The leaders of the AUKUS alliance have reaffirmed their commitment to a free and open Indo-Pacific region, and have added a number of new shared capabilities to the August 2021 promise of sharing nuclear submarine technology with Australia.
In a joint statement by Australian Prime Minister Scott Morrison, UK Prime Minister Boris Johnson, and US President Joe Biden released on 6 April, the three leaders flagged increasing global tensions. “In light of Russia’s unprovoked, unjustified, and unlawful invasion of Ukraine, we reiterated our unwavering commitment to an international system that respects human rights, the rule of law, and the peaceful resolution of disputes free from coercion,” it said.
“We are pleased with the progress in our trilateral program for Australia to establish a conventionally armed, nuclear powered submarine capability,” it added. “We are fully committed to establishing a robust approach to sharing naval propulsion technology with Australia that strengthens the global non-proliferation regime.”
The release said the Exchange of Naval Nuclear Propulsion Information Agreement (ENNPIA) entered into force on 8 February 2022, enabling AUKUS partners to share naval nuclear propulsion information trilaterally. It also said nine trilateral working groups had been established to develop the submarine initiative, and that combined teams from the three counties had visited multiple sites in Australia during February to baseline nuclear stewardship, infrastructure, workforce, and industrial capabilities and requirements. The findings of these visits were considered by the Joint Steering Group on submarines on 28 February.
The alliance has also agreed to work together on the development of hypersonic weapons, undersea capabilities, quantum technologies, artificial intelligence and autonomy, advanced cyber, electronic warfare capabilities, information sharing, and defence innovation. “These initiatives will add to our existing efforts to deepen cooperation on cyber capabilities, artificial intelligence, quantum technologies, and additional undersea capabilities,” the statement read. “As our work progresses on these and other critical defense and security capabilities, we will seek opportunities to engage allies and close partners.”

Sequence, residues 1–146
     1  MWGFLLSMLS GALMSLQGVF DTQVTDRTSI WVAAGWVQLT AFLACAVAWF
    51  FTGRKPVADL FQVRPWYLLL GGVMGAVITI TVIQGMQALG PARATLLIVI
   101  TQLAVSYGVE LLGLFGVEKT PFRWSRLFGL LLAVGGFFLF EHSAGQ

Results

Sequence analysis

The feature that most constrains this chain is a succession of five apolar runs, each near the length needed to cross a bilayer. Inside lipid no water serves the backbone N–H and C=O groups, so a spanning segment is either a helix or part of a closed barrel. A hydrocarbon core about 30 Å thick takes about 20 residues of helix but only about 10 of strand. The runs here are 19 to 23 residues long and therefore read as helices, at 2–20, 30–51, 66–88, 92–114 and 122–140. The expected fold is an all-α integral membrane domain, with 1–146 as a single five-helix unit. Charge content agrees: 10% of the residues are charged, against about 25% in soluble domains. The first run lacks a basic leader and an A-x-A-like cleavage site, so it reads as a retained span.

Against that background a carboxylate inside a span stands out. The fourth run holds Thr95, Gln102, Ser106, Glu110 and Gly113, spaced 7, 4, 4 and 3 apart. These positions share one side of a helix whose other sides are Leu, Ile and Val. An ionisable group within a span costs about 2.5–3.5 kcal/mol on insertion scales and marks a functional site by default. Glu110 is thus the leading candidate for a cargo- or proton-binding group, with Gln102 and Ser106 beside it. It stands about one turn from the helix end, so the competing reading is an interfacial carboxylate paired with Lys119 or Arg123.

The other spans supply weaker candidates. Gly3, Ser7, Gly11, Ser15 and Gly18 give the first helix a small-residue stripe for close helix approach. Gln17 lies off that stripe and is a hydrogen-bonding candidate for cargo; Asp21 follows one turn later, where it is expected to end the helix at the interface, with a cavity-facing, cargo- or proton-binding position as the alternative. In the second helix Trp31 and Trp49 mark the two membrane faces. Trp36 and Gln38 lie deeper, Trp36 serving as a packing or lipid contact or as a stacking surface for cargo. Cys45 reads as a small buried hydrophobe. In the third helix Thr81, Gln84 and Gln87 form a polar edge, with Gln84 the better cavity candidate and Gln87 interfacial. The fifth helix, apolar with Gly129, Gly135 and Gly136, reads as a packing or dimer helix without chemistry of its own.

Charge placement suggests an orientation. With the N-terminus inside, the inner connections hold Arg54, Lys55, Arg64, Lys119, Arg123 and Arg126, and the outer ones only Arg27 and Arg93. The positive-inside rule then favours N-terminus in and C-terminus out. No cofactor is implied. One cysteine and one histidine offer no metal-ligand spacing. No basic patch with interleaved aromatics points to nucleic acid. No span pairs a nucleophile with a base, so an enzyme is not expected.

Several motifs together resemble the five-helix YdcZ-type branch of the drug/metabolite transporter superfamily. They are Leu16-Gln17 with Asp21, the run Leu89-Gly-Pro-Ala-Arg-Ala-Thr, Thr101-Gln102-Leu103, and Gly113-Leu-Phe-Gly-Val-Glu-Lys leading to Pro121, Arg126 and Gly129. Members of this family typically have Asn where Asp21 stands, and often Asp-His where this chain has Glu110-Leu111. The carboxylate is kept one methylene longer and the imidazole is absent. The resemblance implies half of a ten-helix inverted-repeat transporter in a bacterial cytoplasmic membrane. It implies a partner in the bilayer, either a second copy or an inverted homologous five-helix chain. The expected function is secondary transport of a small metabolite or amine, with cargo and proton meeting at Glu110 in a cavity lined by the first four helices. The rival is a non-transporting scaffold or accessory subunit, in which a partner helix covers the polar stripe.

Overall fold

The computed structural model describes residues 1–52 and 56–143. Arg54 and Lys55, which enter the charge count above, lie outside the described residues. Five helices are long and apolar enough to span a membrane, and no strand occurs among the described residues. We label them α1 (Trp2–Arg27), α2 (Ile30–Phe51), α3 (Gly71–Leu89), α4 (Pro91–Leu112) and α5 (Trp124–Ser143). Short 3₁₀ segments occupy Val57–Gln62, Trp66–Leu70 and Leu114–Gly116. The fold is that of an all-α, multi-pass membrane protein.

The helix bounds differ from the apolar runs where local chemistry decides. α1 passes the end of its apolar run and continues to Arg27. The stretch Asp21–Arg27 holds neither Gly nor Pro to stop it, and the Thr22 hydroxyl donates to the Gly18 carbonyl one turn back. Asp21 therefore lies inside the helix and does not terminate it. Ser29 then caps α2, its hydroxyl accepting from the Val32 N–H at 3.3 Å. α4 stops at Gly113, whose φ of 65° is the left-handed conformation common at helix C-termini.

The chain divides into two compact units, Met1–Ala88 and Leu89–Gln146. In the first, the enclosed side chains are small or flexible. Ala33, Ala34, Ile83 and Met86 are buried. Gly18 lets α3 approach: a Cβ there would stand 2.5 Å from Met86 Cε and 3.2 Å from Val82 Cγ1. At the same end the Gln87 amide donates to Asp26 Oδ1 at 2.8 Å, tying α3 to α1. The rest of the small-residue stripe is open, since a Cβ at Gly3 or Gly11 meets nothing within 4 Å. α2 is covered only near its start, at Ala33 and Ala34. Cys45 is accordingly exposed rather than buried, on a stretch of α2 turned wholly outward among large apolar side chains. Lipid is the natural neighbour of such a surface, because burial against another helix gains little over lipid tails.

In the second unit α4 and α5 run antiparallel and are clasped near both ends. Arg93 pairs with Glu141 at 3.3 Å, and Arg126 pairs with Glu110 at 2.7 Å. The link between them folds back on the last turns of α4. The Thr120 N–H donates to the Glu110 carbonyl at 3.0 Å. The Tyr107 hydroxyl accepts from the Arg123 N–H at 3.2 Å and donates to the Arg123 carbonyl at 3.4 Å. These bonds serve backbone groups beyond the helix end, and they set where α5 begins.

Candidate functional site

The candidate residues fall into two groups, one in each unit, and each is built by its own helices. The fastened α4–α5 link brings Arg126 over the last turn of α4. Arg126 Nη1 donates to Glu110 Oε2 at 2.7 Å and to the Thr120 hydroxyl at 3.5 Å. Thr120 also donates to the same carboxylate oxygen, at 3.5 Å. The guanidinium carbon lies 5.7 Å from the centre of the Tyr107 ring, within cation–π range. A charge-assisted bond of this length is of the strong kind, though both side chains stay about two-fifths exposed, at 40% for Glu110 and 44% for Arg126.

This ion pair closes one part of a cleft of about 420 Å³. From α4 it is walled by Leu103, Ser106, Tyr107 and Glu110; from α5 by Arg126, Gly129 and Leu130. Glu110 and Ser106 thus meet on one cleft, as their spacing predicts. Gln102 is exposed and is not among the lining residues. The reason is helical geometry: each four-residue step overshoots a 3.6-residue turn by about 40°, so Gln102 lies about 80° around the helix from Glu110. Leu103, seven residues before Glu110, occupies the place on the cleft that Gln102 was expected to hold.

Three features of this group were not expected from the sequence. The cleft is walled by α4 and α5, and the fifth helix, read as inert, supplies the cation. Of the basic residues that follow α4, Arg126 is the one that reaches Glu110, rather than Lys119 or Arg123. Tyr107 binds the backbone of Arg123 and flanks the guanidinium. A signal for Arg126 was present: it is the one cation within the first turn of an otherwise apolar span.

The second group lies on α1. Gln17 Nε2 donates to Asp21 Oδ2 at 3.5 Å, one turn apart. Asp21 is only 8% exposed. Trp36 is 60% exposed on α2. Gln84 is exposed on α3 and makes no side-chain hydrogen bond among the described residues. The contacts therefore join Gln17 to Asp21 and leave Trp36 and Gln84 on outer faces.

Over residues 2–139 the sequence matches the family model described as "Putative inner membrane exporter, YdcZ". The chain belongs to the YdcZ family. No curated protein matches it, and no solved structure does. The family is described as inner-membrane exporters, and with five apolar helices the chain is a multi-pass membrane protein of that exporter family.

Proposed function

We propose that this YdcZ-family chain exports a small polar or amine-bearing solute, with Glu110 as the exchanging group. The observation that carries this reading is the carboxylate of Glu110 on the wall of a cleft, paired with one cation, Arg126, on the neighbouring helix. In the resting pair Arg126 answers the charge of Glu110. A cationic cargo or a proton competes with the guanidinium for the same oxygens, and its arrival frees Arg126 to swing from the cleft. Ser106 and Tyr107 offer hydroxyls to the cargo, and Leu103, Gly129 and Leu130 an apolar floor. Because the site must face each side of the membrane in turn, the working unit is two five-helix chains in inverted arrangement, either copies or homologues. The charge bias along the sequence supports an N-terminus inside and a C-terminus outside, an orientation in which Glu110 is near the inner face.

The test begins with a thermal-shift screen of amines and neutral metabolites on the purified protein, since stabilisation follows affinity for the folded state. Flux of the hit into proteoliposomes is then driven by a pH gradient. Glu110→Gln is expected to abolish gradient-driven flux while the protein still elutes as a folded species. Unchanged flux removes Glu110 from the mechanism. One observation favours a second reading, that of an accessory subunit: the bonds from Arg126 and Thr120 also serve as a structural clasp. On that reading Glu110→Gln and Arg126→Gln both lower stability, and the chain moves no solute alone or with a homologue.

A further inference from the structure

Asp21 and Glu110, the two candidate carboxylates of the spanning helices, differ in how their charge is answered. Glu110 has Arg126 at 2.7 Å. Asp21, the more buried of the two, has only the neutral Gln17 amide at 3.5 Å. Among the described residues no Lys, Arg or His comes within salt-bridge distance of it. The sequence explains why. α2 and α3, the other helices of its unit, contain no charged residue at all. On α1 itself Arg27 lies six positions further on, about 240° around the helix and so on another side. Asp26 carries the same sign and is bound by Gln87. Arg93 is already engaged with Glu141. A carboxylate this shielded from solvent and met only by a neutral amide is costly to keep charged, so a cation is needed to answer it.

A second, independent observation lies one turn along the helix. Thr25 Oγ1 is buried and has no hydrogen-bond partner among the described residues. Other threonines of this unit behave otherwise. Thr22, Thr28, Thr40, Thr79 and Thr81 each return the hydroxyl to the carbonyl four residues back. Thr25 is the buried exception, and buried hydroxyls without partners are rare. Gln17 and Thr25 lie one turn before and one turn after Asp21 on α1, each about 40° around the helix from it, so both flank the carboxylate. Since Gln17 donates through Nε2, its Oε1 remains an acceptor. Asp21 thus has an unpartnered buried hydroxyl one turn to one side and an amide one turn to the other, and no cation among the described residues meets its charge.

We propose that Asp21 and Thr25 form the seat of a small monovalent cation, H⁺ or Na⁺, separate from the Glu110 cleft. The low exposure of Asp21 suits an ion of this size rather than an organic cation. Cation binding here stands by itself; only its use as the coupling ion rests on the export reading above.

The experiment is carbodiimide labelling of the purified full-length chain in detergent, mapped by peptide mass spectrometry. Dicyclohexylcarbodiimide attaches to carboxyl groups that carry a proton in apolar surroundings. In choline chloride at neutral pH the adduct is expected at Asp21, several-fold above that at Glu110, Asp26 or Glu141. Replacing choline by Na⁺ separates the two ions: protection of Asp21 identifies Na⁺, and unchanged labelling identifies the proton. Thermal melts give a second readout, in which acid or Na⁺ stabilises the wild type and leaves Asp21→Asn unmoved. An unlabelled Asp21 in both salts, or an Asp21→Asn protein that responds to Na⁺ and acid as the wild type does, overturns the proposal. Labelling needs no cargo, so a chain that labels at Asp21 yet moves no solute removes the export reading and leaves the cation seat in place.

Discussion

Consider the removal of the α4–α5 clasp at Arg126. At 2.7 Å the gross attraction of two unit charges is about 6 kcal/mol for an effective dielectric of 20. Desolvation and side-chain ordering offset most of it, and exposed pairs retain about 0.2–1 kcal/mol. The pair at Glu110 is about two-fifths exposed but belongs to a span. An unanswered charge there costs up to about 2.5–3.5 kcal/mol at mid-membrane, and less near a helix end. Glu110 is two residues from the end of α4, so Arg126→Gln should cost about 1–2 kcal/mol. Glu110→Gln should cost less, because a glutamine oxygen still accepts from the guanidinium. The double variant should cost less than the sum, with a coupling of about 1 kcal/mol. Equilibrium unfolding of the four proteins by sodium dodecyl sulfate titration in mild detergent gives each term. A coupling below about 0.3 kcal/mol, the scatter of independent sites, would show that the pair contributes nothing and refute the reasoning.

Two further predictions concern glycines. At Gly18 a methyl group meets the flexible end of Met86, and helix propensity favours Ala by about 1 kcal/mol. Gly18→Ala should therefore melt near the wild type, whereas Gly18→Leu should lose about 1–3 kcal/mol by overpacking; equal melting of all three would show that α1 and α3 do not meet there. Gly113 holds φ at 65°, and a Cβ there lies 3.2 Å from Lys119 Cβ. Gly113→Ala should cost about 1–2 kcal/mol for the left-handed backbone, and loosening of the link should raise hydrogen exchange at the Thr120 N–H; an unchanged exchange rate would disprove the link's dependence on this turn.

The release was short on details on what hypersonic capabilities might be being developed, only that AUKUS partners will work together to accelerate development of advanced hypersonic and counter-hypersonic capabilities. It’s unclear if this is an extension of the US-Australian Southern Cross Integrated Flight Research Experiment (SCIFiRE) hypersonic research program – development contracts for which were awarded in September 2021 – or the inclusion of the UK and Australia into other US programs.
Interesting, the hypersonics announcement did come just a day after the US Defense Advanced Research Projects Agency (DARPA) and Air Force Research Laboratory (AFLR) confirmed that, in February, the service had successfully conducted a flight test of the Lockheed Martin Hypersonic Air-breathing Weapon Concept (HAWC). The test saw the HAWC successfully released and achieve speeds in excess of Mach 5 at altitudes greater than 65,000 feet.
For undersea capabilities, the release says the AUKUS Undersea Robotics Autonomous Systems (AURAS) project, will see the nations collaborate on autonomous underwater vehicles, with initial trials and experimentation planned for 2023.
For quantum technologies, the AUKUS Quantum Arrangement (AQuA) will accelerate investments to deliver generation-after-next quantum capabilities, with an initial focus on quantum technologies for positioning, navigation, and timing.
Cooperation between the three nations will also aim to provide critical artificial intelligence and autonomy enablers for future force capabilities, improving the speed and precision of decision-making processes and to defend against AI-enabled threats.
Advanced Cyber. In light of the importance of the cyber domain to advanced capabilities, we are focusing our efforts on strengthening cyber capabilities, including protecting critical communications and operations systems.
For development in electronic warfare, the release acknowledged that the electromagnetic spectrum is increasingly contested, and said the three countries will work together to share understanding of tools, techniques, and technology to operate in contested and degraded environments.